Three classes or four?
Perhaps the bigger question is four teams or eight?
The TSSAA will hold its Board of Control reclassification workshop session at 7 p.m. Tuesday at the Embassy Suites & Convention Center with discussions on multiple classification plans. Those plans include a five-class and a six-class plan for football as well as various types of three-class systems and a four-class system for non-football sports.
A change in non-football classifications has created some mixed opinions among Rutherford County coaches whose teams would be effected by the change.
Sports likely effected by the move to four classes would be baseball, basketball and softball. Depending on the growth in number of teams, the TSSAA could consider an additional class in soccer, which currently has two in Division I. The TSSAA added a third Division I classification for volleyball when it went through its last reclassification prior to the 2009-10 school year.
However, if the TSSAA chooses to add a classification, it also will likely reduce the number of teams it brings to the state tournament from eight to four.
“I’d like to see four classes overall,” Oakland boys basketball coach Mike Wright said. “I think they will change the format anyway (to four teams).
“I think with the number of schools in the state, four classes in every sport make the most sense.”
Blackman girls basketball coach Chad Hibdon and Cannon County girls basketball coach Michael Dodgen doesn’t want a change in the current plan.
“I like the tradition of just the single, double and triple A,” Hibdon said. “I like the old tradition. You know the routine. Anytime there is change, you have to adjust.”
Added Dodson, “I’m under the old adage if it isn’t broke, don’t fix it.”
The board is expected to meet for about three hours on Tuesday. It may not vote on a plan until Thursday, and could go through the meetings without voting, forcing a special-called meeting in July. A new classification plan would not go into place until the 2013-14 school year.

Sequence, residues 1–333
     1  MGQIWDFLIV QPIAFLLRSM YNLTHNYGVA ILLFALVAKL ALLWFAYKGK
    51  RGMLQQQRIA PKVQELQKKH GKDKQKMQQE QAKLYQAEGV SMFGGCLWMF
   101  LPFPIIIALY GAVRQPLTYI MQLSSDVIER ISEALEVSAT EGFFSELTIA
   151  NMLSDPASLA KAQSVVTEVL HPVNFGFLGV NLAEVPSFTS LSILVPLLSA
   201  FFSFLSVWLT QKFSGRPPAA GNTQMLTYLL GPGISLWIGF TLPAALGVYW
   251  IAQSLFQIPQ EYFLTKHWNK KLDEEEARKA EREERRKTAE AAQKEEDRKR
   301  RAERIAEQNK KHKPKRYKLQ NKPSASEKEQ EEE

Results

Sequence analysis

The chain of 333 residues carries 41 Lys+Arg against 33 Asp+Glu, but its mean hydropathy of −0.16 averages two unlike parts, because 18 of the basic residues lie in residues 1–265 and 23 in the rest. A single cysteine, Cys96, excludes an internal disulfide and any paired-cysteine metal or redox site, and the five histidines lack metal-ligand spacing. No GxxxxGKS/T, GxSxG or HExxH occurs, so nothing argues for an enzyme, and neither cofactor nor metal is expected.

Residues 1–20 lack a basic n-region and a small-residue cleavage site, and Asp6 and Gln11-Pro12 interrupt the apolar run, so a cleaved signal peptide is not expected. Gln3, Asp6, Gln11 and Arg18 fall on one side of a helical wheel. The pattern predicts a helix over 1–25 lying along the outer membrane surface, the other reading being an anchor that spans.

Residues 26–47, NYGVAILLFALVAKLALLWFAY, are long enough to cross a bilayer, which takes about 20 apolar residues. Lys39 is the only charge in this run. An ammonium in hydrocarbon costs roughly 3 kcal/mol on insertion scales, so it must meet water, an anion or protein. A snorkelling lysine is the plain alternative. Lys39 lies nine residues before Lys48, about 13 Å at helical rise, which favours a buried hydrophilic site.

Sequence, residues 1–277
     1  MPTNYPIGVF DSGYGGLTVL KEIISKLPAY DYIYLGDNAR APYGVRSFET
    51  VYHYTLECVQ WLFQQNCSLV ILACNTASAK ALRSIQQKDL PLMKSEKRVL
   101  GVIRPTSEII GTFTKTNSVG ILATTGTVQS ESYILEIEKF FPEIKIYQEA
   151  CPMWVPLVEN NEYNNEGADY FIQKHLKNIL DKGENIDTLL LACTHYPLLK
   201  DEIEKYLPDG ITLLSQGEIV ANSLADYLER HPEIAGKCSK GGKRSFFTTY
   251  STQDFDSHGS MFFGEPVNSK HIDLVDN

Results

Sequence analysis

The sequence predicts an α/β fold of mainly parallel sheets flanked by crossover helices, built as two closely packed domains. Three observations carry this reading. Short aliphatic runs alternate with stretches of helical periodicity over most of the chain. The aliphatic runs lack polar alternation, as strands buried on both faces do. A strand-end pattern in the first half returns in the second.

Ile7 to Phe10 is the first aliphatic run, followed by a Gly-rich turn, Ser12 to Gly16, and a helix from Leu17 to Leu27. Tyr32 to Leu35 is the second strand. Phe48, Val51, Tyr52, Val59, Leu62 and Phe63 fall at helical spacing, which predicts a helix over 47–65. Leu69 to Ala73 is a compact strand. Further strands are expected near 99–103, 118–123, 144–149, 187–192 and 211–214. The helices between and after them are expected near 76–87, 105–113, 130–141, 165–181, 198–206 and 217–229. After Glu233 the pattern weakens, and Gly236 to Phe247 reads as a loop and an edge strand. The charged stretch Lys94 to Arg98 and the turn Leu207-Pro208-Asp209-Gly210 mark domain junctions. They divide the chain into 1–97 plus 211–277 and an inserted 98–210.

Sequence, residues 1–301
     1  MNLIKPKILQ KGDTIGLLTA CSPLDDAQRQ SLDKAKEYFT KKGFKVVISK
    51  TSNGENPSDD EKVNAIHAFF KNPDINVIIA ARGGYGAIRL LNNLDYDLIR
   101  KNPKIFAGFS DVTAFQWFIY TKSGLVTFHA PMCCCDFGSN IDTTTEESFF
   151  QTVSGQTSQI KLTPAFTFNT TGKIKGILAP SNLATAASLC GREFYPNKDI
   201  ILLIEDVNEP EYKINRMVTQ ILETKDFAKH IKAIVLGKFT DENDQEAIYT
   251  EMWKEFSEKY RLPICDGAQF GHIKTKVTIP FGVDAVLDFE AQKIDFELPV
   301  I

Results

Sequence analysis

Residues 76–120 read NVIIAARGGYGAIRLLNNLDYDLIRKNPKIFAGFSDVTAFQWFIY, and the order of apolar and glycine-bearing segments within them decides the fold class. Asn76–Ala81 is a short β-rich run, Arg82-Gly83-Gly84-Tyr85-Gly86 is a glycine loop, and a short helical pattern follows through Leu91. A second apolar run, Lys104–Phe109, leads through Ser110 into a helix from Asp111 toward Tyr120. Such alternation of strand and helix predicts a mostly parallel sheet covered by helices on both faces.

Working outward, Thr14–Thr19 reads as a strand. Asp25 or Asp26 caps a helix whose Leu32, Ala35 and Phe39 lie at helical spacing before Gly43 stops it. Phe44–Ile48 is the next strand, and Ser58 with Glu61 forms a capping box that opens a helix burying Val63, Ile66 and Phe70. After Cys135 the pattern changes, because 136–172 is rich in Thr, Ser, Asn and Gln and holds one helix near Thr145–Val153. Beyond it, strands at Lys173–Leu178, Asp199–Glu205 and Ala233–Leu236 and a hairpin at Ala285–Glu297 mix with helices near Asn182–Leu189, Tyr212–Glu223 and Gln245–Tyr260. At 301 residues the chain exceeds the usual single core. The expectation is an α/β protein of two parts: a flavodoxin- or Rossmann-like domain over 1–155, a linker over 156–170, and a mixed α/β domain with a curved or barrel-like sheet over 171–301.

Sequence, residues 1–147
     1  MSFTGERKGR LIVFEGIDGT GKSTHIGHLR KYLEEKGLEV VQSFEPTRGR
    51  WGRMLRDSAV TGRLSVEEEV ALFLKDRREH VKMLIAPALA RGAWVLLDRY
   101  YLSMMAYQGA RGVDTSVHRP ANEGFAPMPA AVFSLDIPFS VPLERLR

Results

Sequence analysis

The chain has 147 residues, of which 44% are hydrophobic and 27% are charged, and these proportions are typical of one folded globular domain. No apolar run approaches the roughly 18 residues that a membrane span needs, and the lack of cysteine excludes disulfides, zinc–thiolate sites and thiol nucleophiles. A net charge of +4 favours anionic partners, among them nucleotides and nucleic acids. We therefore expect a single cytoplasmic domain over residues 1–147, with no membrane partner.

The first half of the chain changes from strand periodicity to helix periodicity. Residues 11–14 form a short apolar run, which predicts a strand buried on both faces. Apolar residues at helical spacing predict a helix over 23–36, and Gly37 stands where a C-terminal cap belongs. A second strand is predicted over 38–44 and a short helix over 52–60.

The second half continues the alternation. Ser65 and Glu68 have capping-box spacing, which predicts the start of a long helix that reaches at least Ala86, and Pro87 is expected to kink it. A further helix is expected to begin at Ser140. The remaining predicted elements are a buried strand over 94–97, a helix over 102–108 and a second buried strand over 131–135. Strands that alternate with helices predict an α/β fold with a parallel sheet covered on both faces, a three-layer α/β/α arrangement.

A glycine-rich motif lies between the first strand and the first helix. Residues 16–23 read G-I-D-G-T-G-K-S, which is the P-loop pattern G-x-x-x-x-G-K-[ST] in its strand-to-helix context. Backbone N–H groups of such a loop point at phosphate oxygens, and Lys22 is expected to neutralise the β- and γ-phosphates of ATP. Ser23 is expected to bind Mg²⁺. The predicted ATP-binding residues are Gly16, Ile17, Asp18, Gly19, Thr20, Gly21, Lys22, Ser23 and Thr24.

The TSSAA goes through reclassification every four years.
What makes this year’s reclassification so intriguing is the possibility of big changes to non-football sports. Football went from five classes to six in 2009. Basketball and baseball have had a three-class system since the 1976-77 when it bumped up from two classes. Softball has been a three-class system since it became a TSSAA sport in 1979.
Riverdale baseball coach Barry Messer had a brief conversation with TSSAA assistant director Gene Menees during the Class AAA state baseball tournament. Menees discussed the four-class plan in general terms at that time. Messer said if there were changes, he’d like to see a change in the region tournament format.
“I don’t necessarily like that,” Messer said. “I think in this area it’s hard to get there with eight.
“I would like to see a best two-of-three series or a double elmination in the region. It needs to be more than one game.”
Messer pointed out teams in District 7-AAA wouldn’t see much change in a four-class system. All six teams would be in the state’s largest classification.
However, it could change their region opponents. Both Columbia and Tullahoma would likely stay in Class 3A.
“I would be OK with the three classifications,” Messer said. “But I think there should be more than a single play-in game. That would take the pressure off your Number 1 (pitcher). There would be less pressure to throw on short notice.”